The US is coming back from the pandemic recession, and all eyes are on the job market. Some business owners, and in particular restauranteurs, are complaining vociferously about the difficulty they’re having finding workers. So is there a labor shortage?
The short answer is, not really.
The right speed for the employment recovery is simple: as fast as possible. In that sense, anything less than a return to full employment isn’t enough. But in reality, thanks to the unique character of the pandemic recession and the historic magnitude of the US government’s response to it, we are seeing an unusually speedy jobs recovery compared to recent recessions.
April’s 266,000-job increase was significantly less than desired, but the US also saw 430,000 people return to the labor force—that is, start searching for a job again after giving up on finding one—making for the largest gain in six months. The number of new claims for unemployment insurance fell to their lowest level since March 2020, when the pandemic’s economic impact was first being felt. And the most recent measure of new job openings, from late March, reached a record high of 8.1 million.
It might help to try and define a labor shortage. Let’s call it a situation where the wages needed to hire workers increase at an unsustainable pace, to the point where employers can’t hire workers and remain in business.
The nature of a recession is that it creates job losses and damages the economy. As recovery proceeds, and businesses start hiring again, there is also always a period when it’s difficult to match workers and employers—there are more unemployed workers and more job openings and professional networks are out of date, making the whole process more challenging. After the housing bubble popped in 2008, we were treated to years of talk about a “skills mismatch,” and particularly labor shortages in the building trades—not coincidentally, one of the sectors hardest hit in that recession. Ultimately, what solved the shortage was growing demand leading to higher wages for contractors.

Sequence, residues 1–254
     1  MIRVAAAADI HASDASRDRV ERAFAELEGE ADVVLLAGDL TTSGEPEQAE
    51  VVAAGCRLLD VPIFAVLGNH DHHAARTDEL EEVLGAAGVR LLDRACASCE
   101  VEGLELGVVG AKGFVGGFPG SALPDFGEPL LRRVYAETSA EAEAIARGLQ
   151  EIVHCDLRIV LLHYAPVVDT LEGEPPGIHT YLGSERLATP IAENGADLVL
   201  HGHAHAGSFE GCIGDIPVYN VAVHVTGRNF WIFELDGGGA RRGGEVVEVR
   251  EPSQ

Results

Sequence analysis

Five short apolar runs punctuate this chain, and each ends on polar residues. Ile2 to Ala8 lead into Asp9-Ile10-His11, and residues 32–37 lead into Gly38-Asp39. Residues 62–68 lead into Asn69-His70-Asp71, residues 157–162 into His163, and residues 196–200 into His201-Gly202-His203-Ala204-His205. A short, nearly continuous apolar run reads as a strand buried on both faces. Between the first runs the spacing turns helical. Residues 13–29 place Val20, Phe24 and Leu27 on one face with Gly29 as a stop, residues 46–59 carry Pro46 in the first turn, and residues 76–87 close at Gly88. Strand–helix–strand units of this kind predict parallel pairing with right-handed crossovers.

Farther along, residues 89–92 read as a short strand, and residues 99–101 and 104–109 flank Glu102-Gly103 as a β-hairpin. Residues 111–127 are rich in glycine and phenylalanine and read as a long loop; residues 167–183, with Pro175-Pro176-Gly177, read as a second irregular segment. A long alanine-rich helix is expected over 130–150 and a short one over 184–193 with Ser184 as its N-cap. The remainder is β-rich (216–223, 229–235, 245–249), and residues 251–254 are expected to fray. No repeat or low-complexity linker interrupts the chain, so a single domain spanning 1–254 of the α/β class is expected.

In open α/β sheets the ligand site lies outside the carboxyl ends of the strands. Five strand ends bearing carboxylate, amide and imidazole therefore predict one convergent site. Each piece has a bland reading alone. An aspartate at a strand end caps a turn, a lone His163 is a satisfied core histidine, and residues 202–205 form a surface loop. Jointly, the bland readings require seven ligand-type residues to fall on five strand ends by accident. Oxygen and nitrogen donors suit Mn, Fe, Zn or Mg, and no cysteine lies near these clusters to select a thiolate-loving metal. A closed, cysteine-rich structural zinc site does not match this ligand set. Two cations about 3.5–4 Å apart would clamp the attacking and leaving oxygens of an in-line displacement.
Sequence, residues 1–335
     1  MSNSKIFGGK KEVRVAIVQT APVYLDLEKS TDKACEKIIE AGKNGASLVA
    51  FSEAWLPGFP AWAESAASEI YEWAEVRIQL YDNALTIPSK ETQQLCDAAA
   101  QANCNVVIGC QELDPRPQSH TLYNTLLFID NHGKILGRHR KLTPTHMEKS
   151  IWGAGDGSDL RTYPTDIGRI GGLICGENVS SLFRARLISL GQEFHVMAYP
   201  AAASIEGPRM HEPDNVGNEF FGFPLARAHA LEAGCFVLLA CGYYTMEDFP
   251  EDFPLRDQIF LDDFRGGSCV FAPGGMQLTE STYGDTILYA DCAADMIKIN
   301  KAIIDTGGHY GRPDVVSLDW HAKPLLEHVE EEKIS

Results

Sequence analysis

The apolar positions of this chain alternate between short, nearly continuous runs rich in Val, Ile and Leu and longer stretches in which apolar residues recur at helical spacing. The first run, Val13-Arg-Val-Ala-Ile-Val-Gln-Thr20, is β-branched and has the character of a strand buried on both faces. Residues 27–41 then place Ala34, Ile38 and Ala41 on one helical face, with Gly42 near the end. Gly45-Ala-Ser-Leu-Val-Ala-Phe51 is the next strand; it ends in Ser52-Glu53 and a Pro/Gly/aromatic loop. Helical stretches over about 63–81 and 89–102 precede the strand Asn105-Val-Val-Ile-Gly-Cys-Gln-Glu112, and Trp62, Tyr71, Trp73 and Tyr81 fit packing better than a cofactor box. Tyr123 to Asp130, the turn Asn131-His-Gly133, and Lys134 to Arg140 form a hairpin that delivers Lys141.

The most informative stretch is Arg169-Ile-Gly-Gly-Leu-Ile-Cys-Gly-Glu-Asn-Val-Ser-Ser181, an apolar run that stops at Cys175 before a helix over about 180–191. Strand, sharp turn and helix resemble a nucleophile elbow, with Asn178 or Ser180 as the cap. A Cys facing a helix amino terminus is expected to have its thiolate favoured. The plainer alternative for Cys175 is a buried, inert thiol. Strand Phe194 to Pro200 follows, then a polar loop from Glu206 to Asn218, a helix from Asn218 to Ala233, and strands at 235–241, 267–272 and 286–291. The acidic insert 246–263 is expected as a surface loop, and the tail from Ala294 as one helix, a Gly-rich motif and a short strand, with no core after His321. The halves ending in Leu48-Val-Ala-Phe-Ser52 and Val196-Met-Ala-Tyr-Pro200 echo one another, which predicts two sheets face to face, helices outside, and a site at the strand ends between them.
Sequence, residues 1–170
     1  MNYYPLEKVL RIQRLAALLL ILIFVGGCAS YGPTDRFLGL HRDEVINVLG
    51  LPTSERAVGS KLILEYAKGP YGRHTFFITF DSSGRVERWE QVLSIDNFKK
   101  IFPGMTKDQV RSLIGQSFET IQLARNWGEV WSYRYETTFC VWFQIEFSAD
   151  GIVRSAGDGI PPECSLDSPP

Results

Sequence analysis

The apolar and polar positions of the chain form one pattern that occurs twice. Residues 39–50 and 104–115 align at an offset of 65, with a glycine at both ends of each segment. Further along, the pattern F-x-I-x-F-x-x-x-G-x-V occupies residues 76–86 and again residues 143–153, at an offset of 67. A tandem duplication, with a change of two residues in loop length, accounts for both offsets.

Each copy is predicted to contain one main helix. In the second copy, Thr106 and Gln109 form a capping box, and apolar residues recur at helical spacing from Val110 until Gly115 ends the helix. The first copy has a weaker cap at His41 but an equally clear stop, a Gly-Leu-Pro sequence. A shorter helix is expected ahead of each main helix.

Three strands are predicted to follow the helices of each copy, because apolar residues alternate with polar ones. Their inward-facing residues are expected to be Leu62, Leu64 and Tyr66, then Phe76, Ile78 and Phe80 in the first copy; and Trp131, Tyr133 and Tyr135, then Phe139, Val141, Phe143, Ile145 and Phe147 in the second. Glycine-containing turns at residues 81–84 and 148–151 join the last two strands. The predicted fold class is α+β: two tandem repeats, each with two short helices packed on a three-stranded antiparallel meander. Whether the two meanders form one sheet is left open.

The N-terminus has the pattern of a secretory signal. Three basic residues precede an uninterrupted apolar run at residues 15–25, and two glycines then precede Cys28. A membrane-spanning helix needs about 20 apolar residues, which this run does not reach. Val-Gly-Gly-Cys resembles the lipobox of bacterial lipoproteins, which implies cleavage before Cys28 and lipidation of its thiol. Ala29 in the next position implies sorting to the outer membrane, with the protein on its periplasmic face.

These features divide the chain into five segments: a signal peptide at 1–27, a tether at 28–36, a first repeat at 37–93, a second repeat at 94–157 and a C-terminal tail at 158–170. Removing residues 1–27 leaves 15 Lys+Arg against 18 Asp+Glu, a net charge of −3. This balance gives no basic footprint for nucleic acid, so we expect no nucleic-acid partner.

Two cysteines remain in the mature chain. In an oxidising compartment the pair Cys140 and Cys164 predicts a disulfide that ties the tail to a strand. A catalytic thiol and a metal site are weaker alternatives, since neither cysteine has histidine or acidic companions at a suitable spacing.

Employers also complained about skills shortages in 2017, when the US economy was humming. As Minneapolis Federal Reserve president Neel Kashkari put it then, “If you’re not raising wages, then it just sounds like whining.”
There are lots of viral stories about unhappy employers trying to re-open, or pictures of handwritten signs saying nobody wants to work. Restaurants are often at the center of these tales, and not coincidentally, leisure and hospitality workers are the lowest paid of any sector in the US.
What does the data tell us about that sector and its wages? In April, leisure and hospitality was the fast growing sector in the US, adding 330,000 jobs—not exactly the signal of an industry that can’t hire. It was also the sector with the largest increase in pay.